The showrunners even said, after the season, that they had a hard time writing for the character, until they made him a villain in eps 17 & 18.

        I don’t begrudge anybody for trying to explain Shaw, I just wanted to add some “real time” perspective.

        Fans didn’t get the character because the showrunner didn’t know what they wanted from him. Even those that wanted to give Shaw the benefit of the doubt until the arc was completed said he served no purpose.

        It comes down to the discussion above about Sarah never saying she was sorry and Chuck just accepting her. The show wanted to do very dramatic themes, but it never wanted to pay off those themes. It just wanted to move on to tbe next piece of drama.

        As far as leaving it up to the fans to read and interpret facial expressions of the otherwise silent actors in order to tell the story. Well you should be prepared for fan seeing and understanding a completely different story than the one you’re trying to tell. By silencing Sarah Walker, a mysterious enough character as it was, in order to insert Shaw into the story her actions (or inacations) can be interpreted anyway the fans want. And that’s a shame because the story of Sarah tegaining her humanity would have been just as compelling as the story of Chuck becoming his own type of spy. Unfortunatey neither happened.

      • Captain,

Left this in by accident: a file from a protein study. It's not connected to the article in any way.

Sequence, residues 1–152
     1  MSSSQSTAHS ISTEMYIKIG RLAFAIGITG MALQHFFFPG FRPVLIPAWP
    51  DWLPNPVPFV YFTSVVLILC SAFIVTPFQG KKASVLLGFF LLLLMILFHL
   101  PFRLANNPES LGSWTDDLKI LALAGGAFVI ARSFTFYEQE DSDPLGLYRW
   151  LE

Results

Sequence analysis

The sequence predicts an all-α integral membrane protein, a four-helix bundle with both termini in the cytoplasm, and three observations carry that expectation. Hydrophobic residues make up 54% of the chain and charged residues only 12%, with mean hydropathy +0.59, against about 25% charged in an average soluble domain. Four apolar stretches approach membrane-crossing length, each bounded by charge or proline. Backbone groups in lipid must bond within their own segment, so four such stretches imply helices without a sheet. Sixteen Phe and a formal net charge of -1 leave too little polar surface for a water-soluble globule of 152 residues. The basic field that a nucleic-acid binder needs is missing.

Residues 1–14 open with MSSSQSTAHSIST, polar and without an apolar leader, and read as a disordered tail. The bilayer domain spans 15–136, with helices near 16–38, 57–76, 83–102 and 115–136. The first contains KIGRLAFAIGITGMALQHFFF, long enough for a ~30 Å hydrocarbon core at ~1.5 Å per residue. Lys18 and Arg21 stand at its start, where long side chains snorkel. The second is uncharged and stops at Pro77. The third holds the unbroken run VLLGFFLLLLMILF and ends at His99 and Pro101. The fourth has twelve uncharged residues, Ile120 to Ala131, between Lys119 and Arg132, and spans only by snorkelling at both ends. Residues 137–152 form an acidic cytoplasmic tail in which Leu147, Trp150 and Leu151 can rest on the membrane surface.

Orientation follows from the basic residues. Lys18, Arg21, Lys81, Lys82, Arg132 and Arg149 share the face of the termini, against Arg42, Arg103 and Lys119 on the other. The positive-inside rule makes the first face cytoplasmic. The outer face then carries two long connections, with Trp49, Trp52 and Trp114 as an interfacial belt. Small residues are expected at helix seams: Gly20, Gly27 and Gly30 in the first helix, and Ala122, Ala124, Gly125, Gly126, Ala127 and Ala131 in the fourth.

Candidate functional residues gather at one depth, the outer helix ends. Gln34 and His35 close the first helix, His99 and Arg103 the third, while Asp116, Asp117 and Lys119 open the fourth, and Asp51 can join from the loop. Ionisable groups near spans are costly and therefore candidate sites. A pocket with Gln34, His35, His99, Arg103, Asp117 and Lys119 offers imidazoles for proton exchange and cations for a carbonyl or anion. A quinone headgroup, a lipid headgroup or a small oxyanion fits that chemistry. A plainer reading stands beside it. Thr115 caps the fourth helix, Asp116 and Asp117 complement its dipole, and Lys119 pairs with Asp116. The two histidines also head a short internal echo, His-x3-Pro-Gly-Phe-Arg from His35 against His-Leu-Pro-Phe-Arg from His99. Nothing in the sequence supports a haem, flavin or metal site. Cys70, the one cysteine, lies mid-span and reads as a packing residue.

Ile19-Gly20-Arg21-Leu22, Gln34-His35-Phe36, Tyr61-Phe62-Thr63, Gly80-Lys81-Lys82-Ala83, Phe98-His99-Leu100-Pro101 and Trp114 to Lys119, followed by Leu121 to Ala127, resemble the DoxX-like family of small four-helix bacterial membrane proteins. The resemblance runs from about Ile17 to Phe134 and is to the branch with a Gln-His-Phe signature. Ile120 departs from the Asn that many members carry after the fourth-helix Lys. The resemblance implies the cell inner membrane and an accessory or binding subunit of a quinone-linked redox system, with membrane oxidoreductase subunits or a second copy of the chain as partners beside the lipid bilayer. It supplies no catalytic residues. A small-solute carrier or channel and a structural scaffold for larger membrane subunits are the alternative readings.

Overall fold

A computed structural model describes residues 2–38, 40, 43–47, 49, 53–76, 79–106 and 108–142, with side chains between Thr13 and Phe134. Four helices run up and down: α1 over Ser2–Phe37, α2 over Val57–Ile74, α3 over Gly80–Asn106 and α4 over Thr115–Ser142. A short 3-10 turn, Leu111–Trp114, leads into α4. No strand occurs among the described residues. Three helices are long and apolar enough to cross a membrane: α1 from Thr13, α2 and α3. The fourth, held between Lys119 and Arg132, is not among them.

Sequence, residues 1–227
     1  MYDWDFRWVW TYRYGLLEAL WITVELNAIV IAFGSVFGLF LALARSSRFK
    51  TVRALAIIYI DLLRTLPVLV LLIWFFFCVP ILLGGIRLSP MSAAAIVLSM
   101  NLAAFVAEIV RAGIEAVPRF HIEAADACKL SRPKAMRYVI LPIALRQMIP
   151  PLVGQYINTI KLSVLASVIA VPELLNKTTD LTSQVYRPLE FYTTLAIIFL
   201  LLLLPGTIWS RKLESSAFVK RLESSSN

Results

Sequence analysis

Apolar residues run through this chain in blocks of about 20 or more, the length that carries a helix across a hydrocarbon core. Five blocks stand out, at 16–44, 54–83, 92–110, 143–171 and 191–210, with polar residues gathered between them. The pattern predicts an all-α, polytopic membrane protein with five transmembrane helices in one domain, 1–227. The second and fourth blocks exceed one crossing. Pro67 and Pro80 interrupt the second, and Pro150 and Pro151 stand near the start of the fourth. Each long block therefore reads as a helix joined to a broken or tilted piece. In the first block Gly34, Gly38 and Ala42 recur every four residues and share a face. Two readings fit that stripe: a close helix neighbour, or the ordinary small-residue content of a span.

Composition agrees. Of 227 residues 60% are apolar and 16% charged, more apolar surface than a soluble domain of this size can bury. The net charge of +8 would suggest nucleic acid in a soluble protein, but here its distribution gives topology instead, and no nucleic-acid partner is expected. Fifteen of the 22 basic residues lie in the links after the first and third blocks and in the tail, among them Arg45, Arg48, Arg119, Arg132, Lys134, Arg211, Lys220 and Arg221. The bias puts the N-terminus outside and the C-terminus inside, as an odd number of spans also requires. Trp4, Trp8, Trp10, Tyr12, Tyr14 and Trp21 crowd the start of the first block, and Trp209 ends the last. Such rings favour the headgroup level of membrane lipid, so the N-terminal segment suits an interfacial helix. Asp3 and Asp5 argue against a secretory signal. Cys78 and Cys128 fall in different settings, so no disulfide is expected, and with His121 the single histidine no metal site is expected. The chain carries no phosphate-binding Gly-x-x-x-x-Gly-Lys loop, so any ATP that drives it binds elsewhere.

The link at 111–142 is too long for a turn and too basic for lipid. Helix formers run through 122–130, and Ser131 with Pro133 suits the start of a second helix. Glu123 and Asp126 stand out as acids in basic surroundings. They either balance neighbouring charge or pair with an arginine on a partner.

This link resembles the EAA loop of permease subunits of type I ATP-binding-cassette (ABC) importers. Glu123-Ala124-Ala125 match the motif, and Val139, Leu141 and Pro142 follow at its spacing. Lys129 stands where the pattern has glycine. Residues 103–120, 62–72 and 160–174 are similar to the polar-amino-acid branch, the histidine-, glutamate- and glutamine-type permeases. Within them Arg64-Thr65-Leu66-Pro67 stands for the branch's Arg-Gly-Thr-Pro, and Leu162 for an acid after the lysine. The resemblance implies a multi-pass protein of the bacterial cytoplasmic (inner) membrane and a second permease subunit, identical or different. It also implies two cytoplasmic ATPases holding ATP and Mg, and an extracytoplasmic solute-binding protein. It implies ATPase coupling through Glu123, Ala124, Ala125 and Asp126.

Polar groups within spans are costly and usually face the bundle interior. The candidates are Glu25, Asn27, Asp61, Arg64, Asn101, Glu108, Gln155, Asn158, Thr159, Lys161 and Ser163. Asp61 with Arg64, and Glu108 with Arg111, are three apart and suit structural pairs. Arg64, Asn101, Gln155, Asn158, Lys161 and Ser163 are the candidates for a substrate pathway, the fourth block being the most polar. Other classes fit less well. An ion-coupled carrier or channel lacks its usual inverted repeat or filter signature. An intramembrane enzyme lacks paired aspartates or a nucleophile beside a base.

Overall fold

I think treating Shaw in a vacuum is the best way to analyse his motivation and actions. When analysing his goals and how he persues them, the interaction between Sarah and Chuck is only secondary.

        I don’t argue about his effect on the fans. And I completely agree that the showrunners ruined s3. As I mentioned in the introduction of this article in the beginning I hated Shaw as well. But now I realize his impact and what master in manipulation he was. And yes, there is something seriously wrong with the storytelling if the fans don’t like a charater that is a favorit of the writers and when we need a dozen of rewatches to get Shaw’s true intensions.

    • Lets remember that Fedak was surprised of Sarah Walker’s popularity with the fans and S3 is an example of removing the character’s fondness to raise Chuck’s, but it didn’t work because of Shaw and the misery arc. In fact they had that him “pill” in Chuck vs Tic Tac in order to make Chuck braver since in the story of his fearfulness in certain situation was getting old considering he had the intersect & was in his late twenties. The writers weakening of Sarah’s character continued since then and until the last two episodes of the series.
      I believe you all mentioned that changed many writers the last 3 season causing this inconsistency.

      • Carol,
        I agree with you that the writers completely weakend Sarah in s3. But I don’t see weakness in Sarah’s actions during s4 and s5. Finally accepting her emotions, not just hiding behind her spy-self and learning that she can be spy and girlfriend at the same time, are strong moves. And I always got the feeling that the writers tooks this strength away in the last two episode because she didn’t know how to act on her (re-)developing feelings, and lost her trust in her own potential.

  5. Captain…. I get that you don’t like Shaw and how his story and influence became bigger than the Chuck and Sarah story, but just from your perspective, what was Shaw sent to Burbank to do ?